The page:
The site at Megido forest was filled with rocks, hanging from the trees.
The rocks, typically laying on the ground and surrendering to gravity, were lifted up in the air. Each rock was hung by three cords from three different trees. This act of triangulation applies a point in space for each of the rocks, which is the point of equilibrium - the point of balance between the forces running along the three cords.
The outcome appears as a spatial maze of cords and rocks which invites the visitors to enter, to move around and between. It resembles an astronomic map of bodies in space, a system whose particles are at a precise balance in relation to one another.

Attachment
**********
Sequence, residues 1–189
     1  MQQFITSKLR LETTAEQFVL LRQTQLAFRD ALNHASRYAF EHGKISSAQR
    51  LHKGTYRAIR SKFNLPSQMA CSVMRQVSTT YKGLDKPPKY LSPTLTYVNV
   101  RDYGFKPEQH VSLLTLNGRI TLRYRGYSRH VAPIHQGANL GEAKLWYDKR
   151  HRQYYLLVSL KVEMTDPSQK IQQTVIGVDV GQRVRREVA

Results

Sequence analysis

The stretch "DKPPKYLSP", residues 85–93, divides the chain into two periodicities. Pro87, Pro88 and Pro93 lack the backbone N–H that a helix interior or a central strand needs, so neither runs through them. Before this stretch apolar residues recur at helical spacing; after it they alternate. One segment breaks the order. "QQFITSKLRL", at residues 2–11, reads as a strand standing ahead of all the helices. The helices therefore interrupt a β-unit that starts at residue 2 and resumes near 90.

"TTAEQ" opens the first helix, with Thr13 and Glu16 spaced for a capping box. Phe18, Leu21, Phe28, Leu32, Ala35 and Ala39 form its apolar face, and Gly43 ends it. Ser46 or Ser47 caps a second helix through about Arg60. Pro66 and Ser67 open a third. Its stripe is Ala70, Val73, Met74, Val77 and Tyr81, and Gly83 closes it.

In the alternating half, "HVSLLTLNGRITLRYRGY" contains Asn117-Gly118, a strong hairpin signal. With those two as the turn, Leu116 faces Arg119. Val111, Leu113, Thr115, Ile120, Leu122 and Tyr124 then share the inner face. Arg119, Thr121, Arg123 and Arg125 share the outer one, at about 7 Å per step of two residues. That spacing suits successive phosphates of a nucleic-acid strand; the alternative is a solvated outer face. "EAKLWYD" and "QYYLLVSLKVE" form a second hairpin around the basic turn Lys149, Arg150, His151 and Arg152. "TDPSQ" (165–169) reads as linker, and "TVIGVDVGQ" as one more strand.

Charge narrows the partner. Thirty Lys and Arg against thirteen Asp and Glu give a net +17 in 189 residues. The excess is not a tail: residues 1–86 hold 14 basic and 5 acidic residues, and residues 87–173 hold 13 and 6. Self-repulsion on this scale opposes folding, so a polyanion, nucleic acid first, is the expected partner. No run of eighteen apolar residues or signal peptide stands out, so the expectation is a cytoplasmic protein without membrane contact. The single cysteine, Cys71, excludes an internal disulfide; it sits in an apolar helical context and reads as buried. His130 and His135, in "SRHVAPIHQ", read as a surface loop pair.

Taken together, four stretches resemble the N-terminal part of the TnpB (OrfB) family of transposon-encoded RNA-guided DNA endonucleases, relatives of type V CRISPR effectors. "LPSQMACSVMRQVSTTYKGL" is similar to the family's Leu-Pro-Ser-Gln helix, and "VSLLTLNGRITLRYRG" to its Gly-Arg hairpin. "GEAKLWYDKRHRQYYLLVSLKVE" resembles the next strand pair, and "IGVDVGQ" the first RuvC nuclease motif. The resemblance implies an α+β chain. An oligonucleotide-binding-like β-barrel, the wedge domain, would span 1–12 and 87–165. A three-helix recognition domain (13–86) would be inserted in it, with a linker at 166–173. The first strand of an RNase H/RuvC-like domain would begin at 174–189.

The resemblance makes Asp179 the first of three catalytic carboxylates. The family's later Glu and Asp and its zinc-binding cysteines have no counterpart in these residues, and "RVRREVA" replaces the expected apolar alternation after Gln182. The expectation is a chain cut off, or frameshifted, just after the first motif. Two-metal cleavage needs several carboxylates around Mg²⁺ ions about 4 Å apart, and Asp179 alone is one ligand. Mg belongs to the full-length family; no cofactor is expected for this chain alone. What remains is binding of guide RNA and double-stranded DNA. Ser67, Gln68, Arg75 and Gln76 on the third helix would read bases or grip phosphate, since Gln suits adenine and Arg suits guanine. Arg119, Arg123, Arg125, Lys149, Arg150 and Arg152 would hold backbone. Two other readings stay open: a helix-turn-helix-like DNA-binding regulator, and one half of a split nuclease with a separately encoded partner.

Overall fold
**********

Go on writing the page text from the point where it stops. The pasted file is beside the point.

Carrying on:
Megido Forest in Israel is located where once was the village of Lajun, an Arab village within the Mandatory Palestine until the war of 1948.
The rocks detached from the ground refer to the traces of previous culture that was once there.
The pine trees were planted by Israeli authorities after the 1948 war in aim to re shape the landscape in order to apply a new narrative upon it.
The work symbolizes the tension between the poitical forces, between histories and narratives that apply over the same land. The entire composition is on the verge of collapse, of change - a momentary state of balance between constantly active forces.